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The AAPG/Datapages Combined Publications Database

AAPG Bulletin


Volume: 57 (1973)

Issue: 4. (April)

First Page: 781

Last Page: 781

Title: Foraminiferal and Nannoplankton Biostratigraphy, Paleoecology, and Basinal Reconstruction, Anita Formation, Western Santa Ynez Mountains, California: ABSTRACT

Author(s): James M. Gibson

Article Type: Meeting abstract


The Anita Formation crops out along the crest of the Santa Ynez Mountains, California, from Santa Ynez Peak westward to Point Conception. Planktonic and benthonic foraminiferal faunas and calcareous nannoplankton floras were studied from 6 measured sections between Arroyo el Bulito and Santa Ynez Peak. In general, Anita Formation strata are assigned to the time interval from early Paleocene to early middle Eocene on the basis of prevailing planktonic correlations. Also from planktonic evidence, reported Ynezian benthonic foraminiferal assemblages appear to be early Paleocene to late Paleocene in age; Bulitian assemblages are of late Paleocene age; Penutian assemblages are late Paleocene in some sections and early Eocene in others; Ulatisian assemblages are late Paleocene o early middle Eocene. The time-transgressive nature of the benthonic provincial stages is apparent; the stages become geologically younger toward the basin margins as well as stratigraphically higher. Furthermore, strata mapped as Anita Formation by Dibblee have been found to be of late Cretaceous age in several areas.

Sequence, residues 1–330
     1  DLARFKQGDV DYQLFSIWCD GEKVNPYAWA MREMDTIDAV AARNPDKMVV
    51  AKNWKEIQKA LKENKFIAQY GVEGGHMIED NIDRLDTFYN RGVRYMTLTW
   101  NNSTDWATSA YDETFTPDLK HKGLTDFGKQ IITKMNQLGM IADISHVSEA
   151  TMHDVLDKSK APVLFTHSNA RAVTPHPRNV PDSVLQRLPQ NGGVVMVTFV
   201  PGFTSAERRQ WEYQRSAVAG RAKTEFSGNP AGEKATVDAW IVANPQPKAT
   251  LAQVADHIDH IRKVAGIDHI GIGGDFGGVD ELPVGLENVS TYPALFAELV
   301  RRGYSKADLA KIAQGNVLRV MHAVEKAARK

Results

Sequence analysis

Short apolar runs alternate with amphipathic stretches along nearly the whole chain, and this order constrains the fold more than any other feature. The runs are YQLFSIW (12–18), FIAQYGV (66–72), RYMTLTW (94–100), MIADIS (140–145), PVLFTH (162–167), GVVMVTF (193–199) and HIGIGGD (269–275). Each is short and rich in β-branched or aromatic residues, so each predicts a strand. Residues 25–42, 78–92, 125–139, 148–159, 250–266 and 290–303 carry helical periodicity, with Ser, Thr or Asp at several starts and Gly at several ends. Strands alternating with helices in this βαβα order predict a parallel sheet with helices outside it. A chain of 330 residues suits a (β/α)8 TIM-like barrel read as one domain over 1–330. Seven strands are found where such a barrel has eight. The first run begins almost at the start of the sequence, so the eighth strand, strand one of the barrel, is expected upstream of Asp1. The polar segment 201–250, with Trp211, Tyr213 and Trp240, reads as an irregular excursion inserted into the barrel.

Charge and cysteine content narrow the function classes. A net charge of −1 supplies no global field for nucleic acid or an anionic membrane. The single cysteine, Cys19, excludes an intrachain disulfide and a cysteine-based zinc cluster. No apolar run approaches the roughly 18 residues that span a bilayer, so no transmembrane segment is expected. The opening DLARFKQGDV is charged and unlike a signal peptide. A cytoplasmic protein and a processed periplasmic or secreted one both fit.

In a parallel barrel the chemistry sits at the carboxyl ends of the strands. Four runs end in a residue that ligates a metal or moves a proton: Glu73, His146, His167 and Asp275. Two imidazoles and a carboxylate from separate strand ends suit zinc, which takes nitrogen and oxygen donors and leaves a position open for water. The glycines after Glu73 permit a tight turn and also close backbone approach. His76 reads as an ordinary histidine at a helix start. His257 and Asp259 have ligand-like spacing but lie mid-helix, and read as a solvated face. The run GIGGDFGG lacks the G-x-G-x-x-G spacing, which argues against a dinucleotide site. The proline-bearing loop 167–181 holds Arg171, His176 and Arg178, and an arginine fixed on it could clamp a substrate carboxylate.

Lithologically, the Anita Formation can be split into three gross members, which can be mapped throughout the Western Santa Ynez Range. The unit is divisible into the following stratigraphic units, all of which are typed in the upper Arroyo el Bulito area: Gato siltstone (upper member); Augustin mudstone (middle member); and Bulito siltstone (lower member).

The Anita Formation is thickest south of the present Santa Ynez fault system, whereas northward, telescoped sections occur, and the Anita gradually disappears. This relation suggests that the Santa Ynez fault may have been a prominent structural feature in early Paleogene time. Eastward the Anita wedges into "Matilija" type clastics, which were shed from the nearby San Marcos high. Southward the Anita disappears under the Santa Barbara Channel.

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Copyright 1997 American Association of Petroleum Geologists